The conclusions below relate only to the implementation of tuberculosis control measures; the following section considers their effects.
Institutional departures from recommended tuberculosis control policies and procedures were common, if not the norm, in the late 1980s and the early 1990s. In large measure, the neglect that characterized community tuberculosis control programs (IOM, 2000) appears to have been duplicated in hospitals, correctional facilities, and, probably, but with less documentation, other facilities that serve people at increased risk of the disease. Even after public health authorities and newspapers were describing the resurgence of tuberculosis in the latter half of the 1980s, surveys in the early 1990s suggested that hospitals and prisons were neglecting recommended surveillance, isolation, and other measures that had been reinforced in 1990 CDC guidelines. Reports of tuberculosis outbreaks in hospitals also document lapses in infection control measures.
Hospitals and correctional facilities reported increased implementation of tuberculosis control measures by the mid-1990s. By 1996, for hospitals and correctional facilities, responses to national surveys and some other studies were showing much more complete and consistent reported compliance with recommended tuberculosis control measures. The hospitals experiencing outbreaks in the early 1990s clearly had a stimulus to implement control measures earlier. For other institutions, increased implementation likely reflects the impacts of further and more complete reports on workplace outbreaks of tuberculosis, the CDC’s increased effort to educate health care managers and clinicians about tuberculosis and tuberculosis control measures, the pressure for action exerted by unions on both employers and public agencies, and the initiation by OSHA of enforcement procedures and rulemaking processes for occupational tuberculosis. Data do not allow the committee to draw conclusions about trends for other settings.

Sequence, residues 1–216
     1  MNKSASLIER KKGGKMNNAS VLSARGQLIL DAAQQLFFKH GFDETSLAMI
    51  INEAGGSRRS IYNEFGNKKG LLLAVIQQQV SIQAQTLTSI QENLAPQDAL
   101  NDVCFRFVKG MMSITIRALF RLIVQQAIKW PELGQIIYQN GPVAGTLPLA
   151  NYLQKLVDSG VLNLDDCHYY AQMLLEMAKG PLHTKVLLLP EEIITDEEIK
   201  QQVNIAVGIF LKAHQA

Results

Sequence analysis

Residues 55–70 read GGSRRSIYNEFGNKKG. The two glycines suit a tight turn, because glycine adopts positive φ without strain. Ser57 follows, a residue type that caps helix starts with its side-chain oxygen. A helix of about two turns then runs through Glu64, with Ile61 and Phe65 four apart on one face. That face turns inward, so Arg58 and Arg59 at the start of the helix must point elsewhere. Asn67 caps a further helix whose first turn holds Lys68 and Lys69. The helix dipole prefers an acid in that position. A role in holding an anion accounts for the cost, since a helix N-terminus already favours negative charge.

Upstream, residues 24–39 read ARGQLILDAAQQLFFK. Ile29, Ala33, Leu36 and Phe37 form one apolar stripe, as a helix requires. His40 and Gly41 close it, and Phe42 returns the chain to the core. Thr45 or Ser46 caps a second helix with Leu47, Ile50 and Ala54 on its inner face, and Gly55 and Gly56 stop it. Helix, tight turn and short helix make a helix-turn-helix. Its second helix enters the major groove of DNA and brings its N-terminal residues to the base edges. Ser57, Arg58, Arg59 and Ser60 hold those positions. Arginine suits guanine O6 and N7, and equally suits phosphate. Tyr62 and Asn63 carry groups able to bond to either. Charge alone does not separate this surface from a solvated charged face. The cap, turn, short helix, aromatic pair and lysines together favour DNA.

Implementation appears to be most complete for administrative controls including respiratory isolation policies. For engineering controls, the installation of negative-pressure isolation rooms has increased, but ventilation performance and performance monitoring may still fall short of recommendations. Information about organizational implementation of the various elements of personal respiratory protection programs is limited. Most studies suggest that most employers have been providing some kind of protection (surgical masks or respirators) and that they have changed the devices provided as new options, such as N95 respirators, have been certified.
Written policies have not necessarily been translated into routine practice. High levels of compliance with control measures, as reported in surveys, may not be matched by high compliance on a day-to-day basis. Although on-site reviews that match hospital policies to actual practices are limited,